When I got a bout of flu suddenly hit me.
I’d been out for a few pints at the local at lunchtime, but felt suddenly weary and tired, and after the one pint, I made my way back to the flat to get my head down.
I had heard of the new ‘Night Nurse Medicine’ and how good it was, so I ventured to the chemist bought some, and took a swig.
I remember lying on the settee, unable to get up again, and kept falling asleep, and waking, each time I woke I felt dizzy and noticed the light coming through the window from the street light outside was getting less as the night moved on.
I woke up in the bedroom, not knowing how I had got there, and still feeling bad. I eventually got myself up, and walked through to the kitchen at the back, and saw the back door open.
Nothing seemed out of order. As I walked into the garden, I heard the side gate open, and a policeman and woman approached me.
It seems the woman had complained about me singing as I was dancing and then rolling on the grass naked in the garden at 3 o’clock in the morning!
I could remember nothing of this, and tried to explain to them about the ‘Night nurse’ apparently affected me behaviour, and I could not remember anything about the incident.
Later I tried to explain to the magistrates about the ‘Night nurse’ affecting me behaviour, and I could not remember anything about the incident.
Later I tried to explain to my employers about the ‘Night nurse’ affecting me behaviour, and I could not remember anything about the incident.
Later I tried to explain to my lady-friend Grizelda about the ‘Night nurse’ affecting me behaviour, and I could not remember anything about the incident.
Later I tried to explain to my landlady about the ‘Night nurse’ affecting me behaviour, and I could not remember anything about the incident.
So, I recommend that if you are taking Night Nurse Medications, do not drink alcohol!
Don’t do as I did – you read the label it warns you not to drink alcohol! (In fact I’d give the Night Nurse a miss altogether now I think about it again and stick with the alcohol I think… I wish I had)
Medical advice must be sought before taking this product in people with:
• Hepatic or renal impairment. Underlying liver disease increases the risk of paracetamol-related liver damage.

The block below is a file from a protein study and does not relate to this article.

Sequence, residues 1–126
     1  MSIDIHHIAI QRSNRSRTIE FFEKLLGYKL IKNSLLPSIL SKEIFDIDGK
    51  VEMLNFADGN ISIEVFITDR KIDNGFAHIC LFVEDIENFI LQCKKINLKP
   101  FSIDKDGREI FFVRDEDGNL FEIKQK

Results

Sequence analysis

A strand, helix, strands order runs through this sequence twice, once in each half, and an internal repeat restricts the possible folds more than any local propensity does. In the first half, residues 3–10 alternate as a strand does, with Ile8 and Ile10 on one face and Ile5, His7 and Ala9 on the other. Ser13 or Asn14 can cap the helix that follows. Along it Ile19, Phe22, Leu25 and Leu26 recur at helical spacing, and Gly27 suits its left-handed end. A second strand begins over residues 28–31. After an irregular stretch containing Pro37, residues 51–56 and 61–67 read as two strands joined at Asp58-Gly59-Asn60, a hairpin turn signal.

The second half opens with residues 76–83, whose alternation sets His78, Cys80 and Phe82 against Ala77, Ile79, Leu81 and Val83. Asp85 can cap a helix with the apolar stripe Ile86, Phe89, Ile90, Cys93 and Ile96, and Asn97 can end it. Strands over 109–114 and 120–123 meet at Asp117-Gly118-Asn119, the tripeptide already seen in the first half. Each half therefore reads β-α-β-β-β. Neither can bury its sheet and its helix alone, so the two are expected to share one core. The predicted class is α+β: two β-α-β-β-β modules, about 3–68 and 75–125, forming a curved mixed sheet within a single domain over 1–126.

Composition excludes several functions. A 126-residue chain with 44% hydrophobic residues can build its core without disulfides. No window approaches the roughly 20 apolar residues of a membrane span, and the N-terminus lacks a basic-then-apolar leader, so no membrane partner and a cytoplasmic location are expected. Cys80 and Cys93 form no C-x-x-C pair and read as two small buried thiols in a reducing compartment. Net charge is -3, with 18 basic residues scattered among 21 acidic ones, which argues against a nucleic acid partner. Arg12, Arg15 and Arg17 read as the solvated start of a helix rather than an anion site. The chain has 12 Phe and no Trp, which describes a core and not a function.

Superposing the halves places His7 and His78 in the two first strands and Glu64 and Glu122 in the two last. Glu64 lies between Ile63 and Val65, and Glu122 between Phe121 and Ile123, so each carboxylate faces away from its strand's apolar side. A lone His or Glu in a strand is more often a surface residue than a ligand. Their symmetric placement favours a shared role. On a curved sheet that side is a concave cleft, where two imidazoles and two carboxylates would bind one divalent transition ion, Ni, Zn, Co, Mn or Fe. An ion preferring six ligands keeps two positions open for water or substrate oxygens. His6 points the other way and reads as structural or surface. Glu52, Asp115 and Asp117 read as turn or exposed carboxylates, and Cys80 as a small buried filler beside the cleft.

• Chronic or persistant cough, such as occurs with asthma and emphysema, or where cough is accompanied by excessive secretions.
• Narrow-angle glaucoma
• Cardiovascular problems
• Prostatic hypertrophy
• Urinary retention
Use with caution in the elderly, who are more likely to experience anticholinergic adverse effects including confusion and paradoxical excitation. Avoid use in elderly patients with confusion.
Children are more likely to experience paradoxical excitation with sedating antihistamine.
Medical advice should be sought if symptoms persist, or are accompanied by high fever, skin rash or persistent headache.
Patients with rare glucose-galactose malabsorption should not take this medicine.
The hazard of overdose is greater in those with non-cirrhotic alcoholic liver disease.
Do not exceed the stated dose.
Patients should be advised not to take other paracetamol-containing products or decongestant-containing medicines concurrently.
If symptoms persist consult your doctor.
Keep out of the reach and sight of children.
Avoid alcoholic drink. I missed this bit… Tsk!
Did Night Nurse make Red Arrows pilot die? RAF ace accidentally ejected himself on tarmac after taking flu medication
- Flight Lieutenant Sean Cunningham, 35, died after accident in Hawk T1
- Ejector seat parachute did not deploy at RAF Scampton in Lincolnshire
- Test show Cunningham used Night Nurse the evening before incident
- Medication ‘can cause some sedation and impair performance in pilots’
It has amazed me ever since the incident, why the youths of today buy expensive drugs, when all they need to do is to drink a pint of bitter and take just one gulp of Night Nurse?